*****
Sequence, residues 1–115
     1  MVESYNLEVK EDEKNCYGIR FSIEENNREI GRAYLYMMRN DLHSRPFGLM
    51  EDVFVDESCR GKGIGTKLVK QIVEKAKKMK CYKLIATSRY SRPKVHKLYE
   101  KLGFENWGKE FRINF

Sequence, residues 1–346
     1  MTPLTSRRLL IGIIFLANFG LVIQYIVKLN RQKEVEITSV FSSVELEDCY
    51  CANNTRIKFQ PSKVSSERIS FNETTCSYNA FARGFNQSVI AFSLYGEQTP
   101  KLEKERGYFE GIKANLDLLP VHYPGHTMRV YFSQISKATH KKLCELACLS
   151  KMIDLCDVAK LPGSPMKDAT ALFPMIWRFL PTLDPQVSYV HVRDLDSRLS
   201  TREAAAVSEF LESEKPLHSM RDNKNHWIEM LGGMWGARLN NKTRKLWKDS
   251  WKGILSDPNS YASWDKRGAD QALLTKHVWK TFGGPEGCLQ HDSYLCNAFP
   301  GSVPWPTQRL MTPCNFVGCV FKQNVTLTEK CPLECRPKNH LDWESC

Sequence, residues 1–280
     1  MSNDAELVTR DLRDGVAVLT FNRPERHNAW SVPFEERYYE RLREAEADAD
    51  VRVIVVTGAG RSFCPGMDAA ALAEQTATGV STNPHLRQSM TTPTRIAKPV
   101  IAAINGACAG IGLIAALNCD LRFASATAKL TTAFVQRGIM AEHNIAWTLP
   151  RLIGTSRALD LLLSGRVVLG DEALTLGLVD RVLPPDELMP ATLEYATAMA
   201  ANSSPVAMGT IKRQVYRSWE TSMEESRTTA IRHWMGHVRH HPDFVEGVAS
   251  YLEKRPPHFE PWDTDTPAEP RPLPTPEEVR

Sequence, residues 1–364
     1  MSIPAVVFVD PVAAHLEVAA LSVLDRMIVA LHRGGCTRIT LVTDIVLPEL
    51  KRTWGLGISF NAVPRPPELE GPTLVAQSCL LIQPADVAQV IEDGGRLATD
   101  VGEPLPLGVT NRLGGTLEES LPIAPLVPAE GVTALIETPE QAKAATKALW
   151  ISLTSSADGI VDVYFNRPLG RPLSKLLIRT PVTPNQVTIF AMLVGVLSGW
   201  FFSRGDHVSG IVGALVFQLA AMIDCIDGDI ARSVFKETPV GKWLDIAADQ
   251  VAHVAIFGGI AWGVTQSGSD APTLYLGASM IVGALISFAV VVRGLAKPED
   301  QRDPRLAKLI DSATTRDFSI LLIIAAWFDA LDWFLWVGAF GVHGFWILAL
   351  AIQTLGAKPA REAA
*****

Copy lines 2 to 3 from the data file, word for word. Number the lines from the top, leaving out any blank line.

     1  MVESYNLEVK EDEKNCYGIR FSIEENNREI GRAYLYMMRN DLHSRPFGLM
    51  EDVFVDESCR GKGIGTKLVK QIVEKAKKMK CYKLIATSRY SRPKVHKLYE